A former inmate in Uzbekistan: Everything in penitentiaries is aimed at destroying humans
Nematjon Siddikov before imprisonment. Photo from Uznews.net
Nematjon Siddikov was persecuted several times for his human rights advocacy. For his activism in the Human Rights Alliance of Uzbekistan (HRAU), the Fergana Region resident was threatened with death and arson at his house; his family members were assaulted by hired hooligans several times; unknown people threw stones at his house. A year ago, on February 5, 2013, about a hundred people arrived at the Siddikovs family house in several vehicles and threw stones at his house, beat his family members, and later trumped up charges against the head of family and his three sons. Several days prior to this attack, Mr. Siddikov and his sons informed the local authorities about a criminal group engaged in contraband across the Uzbek-Kyrgyz border.
The next day, on February 6, Mr. Siddikov and his three sons were arrested and charged with slander (Article 139 of the Uzbek Crime Code) and premeditated infliction of grievous bodily injuries (Article 104). In May 2013, the head of family and one son were convicted to six years of imprisonment; the other two sons were sentenced to three years conditionally.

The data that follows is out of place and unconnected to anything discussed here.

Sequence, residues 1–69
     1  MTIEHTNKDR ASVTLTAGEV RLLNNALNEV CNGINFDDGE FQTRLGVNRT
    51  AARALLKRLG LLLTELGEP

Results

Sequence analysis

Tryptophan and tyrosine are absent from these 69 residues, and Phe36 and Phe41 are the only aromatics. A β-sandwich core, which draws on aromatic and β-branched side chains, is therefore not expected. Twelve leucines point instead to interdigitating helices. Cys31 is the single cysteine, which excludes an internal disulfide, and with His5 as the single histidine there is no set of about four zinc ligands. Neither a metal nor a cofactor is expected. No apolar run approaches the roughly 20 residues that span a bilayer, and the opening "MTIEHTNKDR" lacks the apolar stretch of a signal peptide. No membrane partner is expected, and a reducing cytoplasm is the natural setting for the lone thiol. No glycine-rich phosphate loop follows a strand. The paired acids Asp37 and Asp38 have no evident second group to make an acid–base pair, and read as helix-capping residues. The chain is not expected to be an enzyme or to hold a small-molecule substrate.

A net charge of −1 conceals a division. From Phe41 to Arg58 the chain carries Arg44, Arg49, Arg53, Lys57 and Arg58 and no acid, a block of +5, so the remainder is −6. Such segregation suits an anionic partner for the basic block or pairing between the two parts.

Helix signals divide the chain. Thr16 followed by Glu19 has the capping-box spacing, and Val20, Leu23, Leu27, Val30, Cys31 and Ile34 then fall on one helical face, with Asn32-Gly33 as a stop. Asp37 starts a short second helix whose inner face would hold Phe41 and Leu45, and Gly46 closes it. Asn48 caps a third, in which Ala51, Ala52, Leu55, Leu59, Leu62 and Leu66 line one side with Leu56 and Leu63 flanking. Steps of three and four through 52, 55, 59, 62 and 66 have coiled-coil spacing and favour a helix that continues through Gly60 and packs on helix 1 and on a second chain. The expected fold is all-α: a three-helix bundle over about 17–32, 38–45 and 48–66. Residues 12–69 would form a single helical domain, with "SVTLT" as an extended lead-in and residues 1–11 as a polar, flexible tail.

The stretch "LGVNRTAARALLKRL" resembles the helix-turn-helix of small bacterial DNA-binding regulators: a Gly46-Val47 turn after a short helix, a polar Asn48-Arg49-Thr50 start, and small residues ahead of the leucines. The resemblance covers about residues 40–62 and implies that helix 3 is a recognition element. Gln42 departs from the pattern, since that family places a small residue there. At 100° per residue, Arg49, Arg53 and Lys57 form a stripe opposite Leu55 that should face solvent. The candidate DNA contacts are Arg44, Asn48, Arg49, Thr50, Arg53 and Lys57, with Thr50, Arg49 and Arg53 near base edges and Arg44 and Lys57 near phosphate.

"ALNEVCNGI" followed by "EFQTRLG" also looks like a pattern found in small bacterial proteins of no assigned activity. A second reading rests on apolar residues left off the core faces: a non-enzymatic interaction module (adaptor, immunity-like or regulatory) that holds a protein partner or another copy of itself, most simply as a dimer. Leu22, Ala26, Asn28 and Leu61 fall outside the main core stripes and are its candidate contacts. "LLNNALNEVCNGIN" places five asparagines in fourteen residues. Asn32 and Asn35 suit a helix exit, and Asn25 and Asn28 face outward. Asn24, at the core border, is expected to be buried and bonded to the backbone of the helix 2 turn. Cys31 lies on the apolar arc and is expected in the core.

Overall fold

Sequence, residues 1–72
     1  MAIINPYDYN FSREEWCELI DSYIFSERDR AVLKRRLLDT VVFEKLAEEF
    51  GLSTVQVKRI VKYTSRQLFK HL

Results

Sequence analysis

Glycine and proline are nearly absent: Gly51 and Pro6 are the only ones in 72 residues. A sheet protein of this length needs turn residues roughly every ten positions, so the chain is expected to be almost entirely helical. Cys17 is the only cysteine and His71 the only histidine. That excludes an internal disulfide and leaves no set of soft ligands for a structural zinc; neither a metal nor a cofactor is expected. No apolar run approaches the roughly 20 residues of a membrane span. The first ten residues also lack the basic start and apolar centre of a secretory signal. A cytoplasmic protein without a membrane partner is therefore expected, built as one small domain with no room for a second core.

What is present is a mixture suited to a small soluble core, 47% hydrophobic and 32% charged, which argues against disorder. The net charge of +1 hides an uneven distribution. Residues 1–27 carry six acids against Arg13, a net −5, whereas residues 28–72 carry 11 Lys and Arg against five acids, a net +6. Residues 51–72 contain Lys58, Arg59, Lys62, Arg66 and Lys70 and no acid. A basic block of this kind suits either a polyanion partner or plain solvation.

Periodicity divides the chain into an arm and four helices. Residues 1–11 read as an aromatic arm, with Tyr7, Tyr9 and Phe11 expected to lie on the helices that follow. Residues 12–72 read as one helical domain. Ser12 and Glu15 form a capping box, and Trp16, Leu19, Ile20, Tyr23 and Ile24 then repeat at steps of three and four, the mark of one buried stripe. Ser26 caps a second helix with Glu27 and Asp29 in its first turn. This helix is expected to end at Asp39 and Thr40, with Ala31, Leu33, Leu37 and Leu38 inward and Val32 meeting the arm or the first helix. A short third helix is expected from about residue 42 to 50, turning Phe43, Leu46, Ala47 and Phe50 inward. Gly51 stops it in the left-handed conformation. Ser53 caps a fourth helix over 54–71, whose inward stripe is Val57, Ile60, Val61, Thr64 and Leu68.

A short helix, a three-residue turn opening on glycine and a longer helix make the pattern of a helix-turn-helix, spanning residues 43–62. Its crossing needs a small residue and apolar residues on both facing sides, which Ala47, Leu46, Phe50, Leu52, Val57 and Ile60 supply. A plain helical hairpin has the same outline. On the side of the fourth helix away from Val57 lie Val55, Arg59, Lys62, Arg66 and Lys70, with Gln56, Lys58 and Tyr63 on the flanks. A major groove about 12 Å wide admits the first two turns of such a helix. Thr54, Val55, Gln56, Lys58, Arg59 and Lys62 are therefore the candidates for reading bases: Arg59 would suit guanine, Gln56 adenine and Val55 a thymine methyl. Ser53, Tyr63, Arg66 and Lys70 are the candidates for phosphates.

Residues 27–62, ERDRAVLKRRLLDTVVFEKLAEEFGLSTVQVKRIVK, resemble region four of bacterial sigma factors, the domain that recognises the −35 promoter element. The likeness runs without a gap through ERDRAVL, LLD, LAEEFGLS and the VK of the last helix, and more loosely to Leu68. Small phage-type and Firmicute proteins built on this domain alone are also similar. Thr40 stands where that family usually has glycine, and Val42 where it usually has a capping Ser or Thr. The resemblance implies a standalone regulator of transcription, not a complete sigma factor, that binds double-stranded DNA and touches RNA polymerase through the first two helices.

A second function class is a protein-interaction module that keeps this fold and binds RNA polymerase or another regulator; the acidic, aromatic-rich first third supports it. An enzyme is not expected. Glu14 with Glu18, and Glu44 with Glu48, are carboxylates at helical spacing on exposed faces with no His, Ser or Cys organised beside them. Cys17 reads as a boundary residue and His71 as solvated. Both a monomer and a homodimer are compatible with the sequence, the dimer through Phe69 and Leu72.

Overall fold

Mr. Siddikov was amnestied and released on 31 Dec 2013. On 12 Jan 2014, he met with Yelena Urlayeva, the leader of the HRAU, to tell her about conditions of detainees and inmates, hoping that his story would somehow ease their lives.
Ms. Urlayeva request Mr. Siddikov to describe the initial days after his arrest.
“Initially, my sons and I were kept at a directorate of local internal affairs. The cell was one meter wide and meter-and-half in length; one could only sit on the cement floor. We had to sleep sitting and our bodies would numb due to uncomfortable posture. We were given no food or water for about 24 hours.
“During the investigation, we were detained for seven days in a detention facility in Kokand, where cells were somewhat wider – about 2.5 meters by three meters. But the number of detainees would sometimes reach 10 people. There were two matrasses with almost no filling on the wooden floor of the cell. Food was given only once in 24 hours. While there, the detainees could hear screaming and moaning people, who were tortured during interrogations.
“Police officers poured cold water on detainees despite the winter’s bitter colds. Detainees had to remain in wet clothes in cold cells.”
- Were you subjected to torture?
“No, neither myself nor my sons were tortured.”
Nematjon Siddikov after amnesty. Photo by Yelena Urlayeva
- Where else have you been and what were the conditions there?
“My three sons and I were transferred to the prison in Fergana City. Several detainees are kept in cells there; people sleep on shabby beddings and consume food good only for animals.
“I have seen tortured people here. They would be brought to cells, since they were unconscious and could not walk; they were badly beaten and their bodies were covered with bruises.